The national magazine “U.S. News & World Report” recently featured an article called “10 Things Seniors Should Know About Hospice”. When families have time to prepare for the death of a loved one, hospice can make life easier. Hospice professionals can help you understand the nature of an illness, the likely outcome of the current course of treatment, and what will happen next. Many may not use hospice because they are unaware of its benefits and misunderstand how it really works.
Here are 10 things you should know.
Hospice is not a place, it is a type of care: Hospice care is provided to a patient and their family wherever they call ‘home”( assisted living, nursing facility, group/care home, or a private residence). Some hospices have inpatient facilities, however, these are not meant as a solution to permanent residency.
Medicare Hospice Benefit :For those who have Medicare Part A insurance, hospice services are covered 100%. This includes home physician visits, nursing/cna visits, medications, medical supplies and equipment, social work, spiritual, volunteer, and counseling/bereavement services.
Qualification: To be eligible for hospice services you must be certified by a physician to have a life expectancy of six months or less if your life-limiting illness runs its expected, natural course. This is based upon your physician’s best estimates looking at your prognosis.
If you surpass the 6 months, it’s ok: Living longer than six months doesn’t mean the patient loses the benefit. After the initial certification period (2, 90-day periods), each beneficiary receives an unlimited number of additional 60-day periods.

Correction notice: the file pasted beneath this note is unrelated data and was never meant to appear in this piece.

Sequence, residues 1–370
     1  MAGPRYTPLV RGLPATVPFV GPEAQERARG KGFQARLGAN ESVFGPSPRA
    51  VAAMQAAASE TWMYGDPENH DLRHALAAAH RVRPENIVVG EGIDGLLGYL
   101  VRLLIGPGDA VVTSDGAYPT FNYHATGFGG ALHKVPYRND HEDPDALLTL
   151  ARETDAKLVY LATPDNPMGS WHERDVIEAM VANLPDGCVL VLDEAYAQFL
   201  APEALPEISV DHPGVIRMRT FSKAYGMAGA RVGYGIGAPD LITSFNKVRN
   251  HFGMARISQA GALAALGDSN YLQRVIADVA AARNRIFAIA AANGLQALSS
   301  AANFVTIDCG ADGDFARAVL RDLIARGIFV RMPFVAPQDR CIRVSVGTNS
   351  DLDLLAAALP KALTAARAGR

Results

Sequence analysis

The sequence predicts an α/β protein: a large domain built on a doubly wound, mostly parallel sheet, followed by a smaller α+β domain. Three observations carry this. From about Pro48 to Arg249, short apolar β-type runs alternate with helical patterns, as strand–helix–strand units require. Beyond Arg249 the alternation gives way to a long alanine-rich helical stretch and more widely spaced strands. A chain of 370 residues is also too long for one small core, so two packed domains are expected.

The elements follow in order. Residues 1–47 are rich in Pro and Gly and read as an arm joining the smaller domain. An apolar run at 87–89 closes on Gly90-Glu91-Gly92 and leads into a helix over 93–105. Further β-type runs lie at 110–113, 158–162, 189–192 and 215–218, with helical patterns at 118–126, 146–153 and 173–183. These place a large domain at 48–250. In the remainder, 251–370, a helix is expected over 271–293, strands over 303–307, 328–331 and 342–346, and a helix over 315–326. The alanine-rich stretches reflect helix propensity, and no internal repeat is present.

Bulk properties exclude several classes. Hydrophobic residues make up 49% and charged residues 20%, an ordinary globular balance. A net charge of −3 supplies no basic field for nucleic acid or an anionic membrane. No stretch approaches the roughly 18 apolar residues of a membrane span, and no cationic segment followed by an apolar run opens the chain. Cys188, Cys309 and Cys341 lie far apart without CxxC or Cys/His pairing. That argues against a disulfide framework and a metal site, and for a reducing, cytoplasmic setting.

Illnesses aren’t limited: Although hospices serve a majority of individuals diagnosed with cancer, other terminal and life-limiting diagnosis are also accepted. Such as, Alzheimer’s/Dementia, Parkinson’s, CHF, COPD, end end-stage kidney disease to name a few.
There are so many benefits to hospice besides medical care: Hospice services not only support the patient but also family members, care givers and loved- ones too. The hospice team treats each individual as a whole-physically, emotionally and spiritually.
Support continues after your loved-one passes: Grief support services are still available to those in need following a loved-ones death. CompassionCare offers bereavement for up to 13 months.
It is YOUR choice which hospice you want: There are thousands of hospice agencies nationwide. Even though some may be recommended by a physician or other medical staff, it is ultimately your decision on which hospice you want to oversee your care.
Hospice is becoming more transparent: Our government is moving toward Medicare being responsible for publishing quality measures for hospice organizations-similar to those available publicly in nursing homes.
Hospice focuses on LIVING :“Quality of life” is what hospice is all about. What matters most may not be more time, but the ability to more fully enjoy the time we have left with those we love.